Pill Halves Risk of Death in Type of Lung Cancer

A pill has been shown to halve the risk of death from a certain type of lung cancer when taken daily after surgery to remove the tumor, according to clinical trial results presented on Sunday.

The results were unveiled in Chicago at the largest annual conference of cancer specialists, hosted by the American Society for Clinical Oncology.

Lung cancer is the form of the disease that causes the most deaths, with approximately 1.8 million fatalities every year worldwide.

The treatment developed by the pharmaceutical group AstraZeneca is called osimertinib and is marketed under the name Tagrisso. It targets a particular type of lung cancer in patients suffering from so-called non-small cell cancer, the most common type, and showing a particular type of mutation.

These mutations, on what is called the epidermal growth factor receptor, or EGFR, affect 10% to 25% of lung cancer patients in the United States and Europe, and 30 to 40% in Asia.

The clinical trial included some 680 participants at an early stage of the disease (stages 1b to 3a), in more than 20 countries. They had to have been operated on first to remove the tumor, then half of the patients took the treatment daily, and the other a placebo.

The result showed that taking the tablet resulted in a 51% reduction in the risk of death for treated patients, compared to placebo.

After five years, 88% of patients who took the treatment were still alive, compared to 78% of patients who took the placebo.

These data are “impressive,” said Roy Herbst of Yale University, who presented them in Chicago. The drug helps “prevent the cancer from spreading to the brain, to the liver, to the bones,” he added at a press conference.

About a third of cases of non-small cell cancers can be operated on when detected, he said.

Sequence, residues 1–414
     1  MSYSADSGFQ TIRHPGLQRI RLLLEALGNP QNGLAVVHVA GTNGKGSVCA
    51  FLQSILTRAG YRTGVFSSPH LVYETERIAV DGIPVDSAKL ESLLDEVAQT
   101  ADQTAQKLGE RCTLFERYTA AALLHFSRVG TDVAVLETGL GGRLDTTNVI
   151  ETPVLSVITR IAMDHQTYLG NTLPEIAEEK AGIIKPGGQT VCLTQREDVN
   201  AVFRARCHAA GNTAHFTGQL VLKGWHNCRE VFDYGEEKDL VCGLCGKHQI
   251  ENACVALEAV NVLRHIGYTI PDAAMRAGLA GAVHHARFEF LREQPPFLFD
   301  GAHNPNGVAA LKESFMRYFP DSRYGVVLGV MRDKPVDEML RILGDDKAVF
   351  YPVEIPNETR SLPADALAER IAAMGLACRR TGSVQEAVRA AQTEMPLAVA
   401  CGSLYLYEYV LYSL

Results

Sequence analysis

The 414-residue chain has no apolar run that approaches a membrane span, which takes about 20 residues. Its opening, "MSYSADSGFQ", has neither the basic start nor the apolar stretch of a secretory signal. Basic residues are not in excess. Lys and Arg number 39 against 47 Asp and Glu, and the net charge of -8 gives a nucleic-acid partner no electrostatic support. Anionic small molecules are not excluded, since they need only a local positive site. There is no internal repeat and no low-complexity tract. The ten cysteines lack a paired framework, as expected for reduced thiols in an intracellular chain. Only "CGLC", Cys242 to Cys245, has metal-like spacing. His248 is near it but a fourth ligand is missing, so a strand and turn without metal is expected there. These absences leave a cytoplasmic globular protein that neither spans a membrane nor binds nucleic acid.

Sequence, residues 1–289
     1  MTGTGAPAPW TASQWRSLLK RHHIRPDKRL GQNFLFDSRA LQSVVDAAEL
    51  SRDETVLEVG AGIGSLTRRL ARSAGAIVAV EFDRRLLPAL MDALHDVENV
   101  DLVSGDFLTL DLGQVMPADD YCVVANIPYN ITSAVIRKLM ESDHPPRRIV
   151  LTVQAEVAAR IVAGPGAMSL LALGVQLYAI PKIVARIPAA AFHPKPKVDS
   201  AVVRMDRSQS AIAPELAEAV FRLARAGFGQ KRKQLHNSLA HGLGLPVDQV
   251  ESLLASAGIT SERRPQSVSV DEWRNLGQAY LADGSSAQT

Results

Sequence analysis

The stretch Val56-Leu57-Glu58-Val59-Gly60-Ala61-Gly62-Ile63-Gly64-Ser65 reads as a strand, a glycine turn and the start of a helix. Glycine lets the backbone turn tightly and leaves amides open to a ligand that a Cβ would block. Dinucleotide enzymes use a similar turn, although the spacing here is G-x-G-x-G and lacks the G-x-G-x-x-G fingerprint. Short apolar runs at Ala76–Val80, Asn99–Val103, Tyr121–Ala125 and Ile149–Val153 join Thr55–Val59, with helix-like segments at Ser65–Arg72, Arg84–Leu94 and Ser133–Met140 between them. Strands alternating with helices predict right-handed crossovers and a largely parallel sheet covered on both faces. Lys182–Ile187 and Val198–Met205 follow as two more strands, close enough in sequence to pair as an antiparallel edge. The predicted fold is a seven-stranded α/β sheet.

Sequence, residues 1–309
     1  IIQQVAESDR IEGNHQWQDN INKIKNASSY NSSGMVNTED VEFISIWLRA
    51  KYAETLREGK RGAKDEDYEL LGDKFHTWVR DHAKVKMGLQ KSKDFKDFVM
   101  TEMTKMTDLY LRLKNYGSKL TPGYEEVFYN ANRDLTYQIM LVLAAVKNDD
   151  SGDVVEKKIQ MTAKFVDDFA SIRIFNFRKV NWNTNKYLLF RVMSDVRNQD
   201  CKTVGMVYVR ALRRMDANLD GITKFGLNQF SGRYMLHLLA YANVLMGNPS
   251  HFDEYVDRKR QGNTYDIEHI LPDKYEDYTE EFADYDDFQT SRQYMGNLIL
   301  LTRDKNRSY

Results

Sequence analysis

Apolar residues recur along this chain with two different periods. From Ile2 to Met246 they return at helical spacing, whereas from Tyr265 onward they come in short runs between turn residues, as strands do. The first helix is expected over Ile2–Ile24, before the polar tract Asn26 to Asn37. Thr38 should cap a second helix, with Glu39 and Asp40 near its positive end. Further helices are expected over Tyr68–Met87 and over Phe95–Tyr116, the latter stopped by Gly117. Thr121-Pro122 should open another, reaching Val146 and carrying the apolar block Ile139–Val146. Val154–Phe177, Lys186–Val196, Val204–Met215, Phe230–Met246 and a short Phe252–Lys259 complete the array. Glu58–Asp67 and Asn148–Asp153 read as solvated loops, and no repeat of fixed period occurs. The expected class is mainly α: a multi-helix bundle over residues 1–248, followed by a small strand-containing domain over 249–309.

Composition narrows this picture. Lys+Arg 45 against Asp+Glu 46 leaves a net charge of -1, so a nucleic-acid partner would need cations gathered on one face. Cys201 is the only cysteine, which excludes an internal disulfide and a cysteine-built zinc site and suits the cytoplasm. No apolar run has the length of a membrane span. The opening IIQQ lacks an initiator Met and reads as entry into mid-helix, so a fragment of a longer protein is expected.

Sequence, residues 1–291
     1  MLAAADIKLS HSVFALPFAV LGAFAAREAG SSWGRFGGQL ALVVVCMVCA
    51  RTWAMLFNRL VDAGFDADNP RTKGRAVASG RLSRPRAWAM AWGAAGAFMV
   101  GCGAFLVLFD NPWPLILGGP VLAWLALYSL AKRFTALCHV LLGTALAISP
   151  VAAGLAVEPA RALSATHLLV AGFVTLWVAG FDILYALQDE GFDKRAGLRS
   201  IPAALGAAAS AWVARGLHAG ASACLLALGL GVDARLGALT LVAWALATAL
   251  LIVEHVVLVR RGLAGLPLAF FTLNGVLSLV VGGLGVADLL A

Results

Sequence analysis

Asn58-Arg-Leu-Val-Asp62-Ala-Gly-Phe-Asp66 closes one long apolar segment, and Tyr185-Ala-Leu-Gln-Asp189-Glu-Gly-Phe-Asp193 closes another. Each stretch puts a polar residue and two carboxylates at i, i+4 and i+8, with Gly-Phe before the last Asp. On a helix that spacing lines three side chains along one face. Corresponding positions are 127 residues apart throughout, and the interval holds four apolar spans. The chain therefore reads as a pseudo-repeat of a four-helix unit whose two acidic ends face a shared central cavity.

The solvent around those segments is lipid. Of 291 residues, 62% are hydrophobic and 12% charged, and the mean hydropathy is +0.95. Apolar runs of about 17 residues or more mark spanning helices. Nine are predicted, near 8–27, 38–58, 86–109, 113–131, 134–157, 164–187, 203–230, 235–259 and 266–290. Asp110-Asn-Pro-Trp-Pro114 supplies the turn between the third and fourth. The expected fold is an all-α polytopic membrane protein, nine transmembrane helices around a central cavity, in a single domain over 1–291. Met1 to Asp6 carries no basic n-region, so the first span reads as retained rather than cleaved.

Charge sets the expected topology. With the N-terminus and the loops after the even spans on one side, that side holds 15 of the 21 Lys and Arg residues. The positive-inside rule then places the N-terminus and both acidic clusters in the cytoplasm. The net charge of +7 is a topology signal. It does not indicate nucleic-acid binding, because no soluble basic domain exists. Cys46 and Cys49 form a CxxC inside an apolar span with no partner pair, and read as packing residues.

“It is hard for me to convey, I think, how important this finding is,” said Nathan Pennell of the Cleveland Clinic Foundation at the press conference.

“We started entering the personalized therapy era for early-stage patients,” said Pennell, who did not take part in the trials, and noted that “we should firmly close the door on one-size-fits-all treatment for people with non-small cell lung cancer.”

Osimertinib is already authorized in dozens of countries for various indications, and has already been given to some 700,000 people, according to a press release from AstraZeneca.

Its approval in the United States for early stages in 2020 was based on previous data that showed an improvement in patient disease-free survival, that is, the time a patient lives without a recurrence of cancer.

But not all doctors have adopted the treatment, and many were waiting for the data on overall survival that was presented on Sunday, said Herbst.

He stressed the need to screen patients to find out if they have the EGFR mutation. Otherwise, he said, “we cannot use this new treatment.”

Osimertinib, which targets the receptor, causes side effects that include severe fatigue, skin rashes or diarrhea.

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